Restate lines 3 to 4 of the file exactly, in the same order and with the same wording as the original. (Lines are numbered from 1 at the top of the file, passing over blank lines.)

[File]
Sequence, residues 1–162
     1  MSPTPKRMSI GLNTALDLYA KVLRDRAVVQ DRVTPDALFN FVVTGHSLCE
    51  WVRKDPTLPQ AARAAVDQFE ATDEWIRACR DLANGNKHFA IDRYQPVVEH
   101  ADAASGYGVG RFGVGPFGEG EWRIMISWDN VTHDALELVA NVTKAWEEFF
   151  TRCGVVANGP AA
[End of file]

    51  WVRKDPTLPQ AARAAVDQFE ATDEWIRACR DLANGNKHFA IDRYQPVVEH
   101  ADAASGYGVG RFGVGPFGEG EWRIMISWDN VTHDALELVA NVTKAWEEFF